Has 2013 been a step back for the Mets’ young core?

Before the 2013 season started, most Mets fans were quite aware that the team would not be competitive. Many were perfectly willing to take another year of losing baseball if it meant that the team was moving toward eventual perennial competitiveness. What’s another losing season if it meant that the team’s top prospects were inching closer to making their debut, the young core players were continuing their growth, and Sandy Alderson started making the necessary moves to fill in the glaring holes on the roster?

Well, the prospects are inching their way closer, albeit not quite as fast as some would like. We haven’t quite gotten to the point in the season where major trades take place, but we’re close. Alderson also has the offseason to improve the team via trades and free agent signings. The problem in the Mets’ plan moving forward lies in the continued growth of the young core players, or lack thereof. In fact, several core players have seemed to regress in 2013.

Jonathon Niese, whom the Mets signed to a five-year, $25.5 million contract extension last April, has certainly not performed how the team had hoped this year. He’s currently sporting a 4.15 ERA, his WHIP has ballooned to 1.575, and his walk rate has gone up while his strikeout rate has gone down. It’s still early in the season, and Niese has time to turn it around, but there has to be some concern at this point.

When he was healthy, the 2013 version of Ruben Tejada knocked more baseballs around on defense than he did at the plate. Although many thought (though not necessarily agreed with) the team would move forward with Ruben Tejada at shortstop, Alderson made it quite clear when he revealed to Mike Francesca on WFAN that he did not view Tejada (or “left fielder” Lucas Duda) as core players. Though certainly not a surprising fact in and of itself, that Alderson was so upfront about it was a bit unexpected. Through 50 games before his injury, Tejada was hitting just .209/.267/.262 with an OPS+ of 51.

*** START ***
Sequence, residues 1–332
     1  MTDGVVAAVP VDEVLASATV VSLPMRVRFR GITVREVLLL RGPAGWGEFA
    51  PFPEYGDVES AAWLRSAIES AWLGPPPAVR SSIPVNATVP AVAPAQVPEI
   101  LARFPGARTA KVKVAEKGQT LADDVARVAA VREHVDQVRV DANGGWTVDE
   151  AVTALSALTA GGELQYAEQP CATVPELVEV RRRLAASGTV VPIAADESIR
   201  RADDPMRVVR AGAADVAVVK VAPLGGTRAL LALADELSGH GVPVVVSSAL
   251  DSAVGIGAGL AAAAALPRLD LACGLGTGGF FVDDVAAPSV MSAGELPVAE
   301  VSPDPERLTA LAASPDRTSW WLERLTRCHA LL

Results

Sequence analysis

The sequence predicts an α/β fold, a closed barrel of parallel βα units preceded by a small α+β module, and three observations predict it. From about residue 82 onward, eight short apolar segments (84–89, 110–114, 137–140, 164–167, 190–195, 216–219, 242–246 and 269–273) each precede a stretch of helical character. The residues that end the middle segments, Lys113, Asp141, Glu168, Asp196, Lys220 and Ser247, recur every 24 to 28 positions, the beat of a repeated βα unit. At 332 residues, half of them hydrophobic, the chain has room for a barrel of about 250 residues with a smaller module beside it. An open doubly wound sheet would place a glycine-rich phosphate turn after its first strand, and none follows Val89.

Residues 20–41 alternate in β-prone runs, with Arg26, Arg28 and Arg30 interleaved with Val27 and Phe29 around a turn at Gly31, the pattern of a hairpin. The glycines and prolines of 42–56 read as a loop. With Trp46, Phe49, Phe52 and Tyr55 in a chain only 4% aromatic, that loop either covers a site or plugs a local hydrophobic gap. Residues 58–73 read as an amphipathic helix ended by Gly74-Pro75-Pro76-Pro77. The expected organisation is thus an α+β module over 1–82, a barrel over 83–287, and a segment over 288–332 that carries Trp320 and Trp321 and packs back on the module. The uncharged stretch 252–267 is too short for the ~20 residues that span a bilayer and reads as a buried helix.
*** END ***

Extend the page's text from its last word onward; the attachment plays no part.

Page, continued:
Unlike Tejada and Duda, Alderson did insist that Ike Davis was still part of the team’s core. Davis’ struggles have been well covered so it won’t be rehashed here. Still, the fact that the Mets’ first baseman of the future is struggling in AAA is enough to make any Mets fan wonder what direction the team is actually headed.

It’s been often stated that the Mets hoped to start being competitive by 2014. So who on this 2013 Mets roster makes up this supposed competitive core? David Wright, Matt Harvey, Bobby Parnell, Niese, and Davis? Maybe Dillon Gee and Daniel Murphy? Where is the rest of the core going to come from next year?

Zack Wheeler will be up, and hopes are high for the young right-hander. We may see Wilmer Flores and possibly Cesar Puello this year too, and each of these players certainly bring a bit of hope and excitement with them. But beyond that things are looking pretty grim for the 2014 Mets. Alderson sure has his work cut out for him, and we can only hope he has some magic up his sleeve.

16 comments for “Has 2013 been a step back for the Mets’ young core?

  1. June 16, 2013 at 9:46 pm

    Realized I did not mention d’Arnaud at the end. Add him to the (short) list of short-term prospect hopefuls.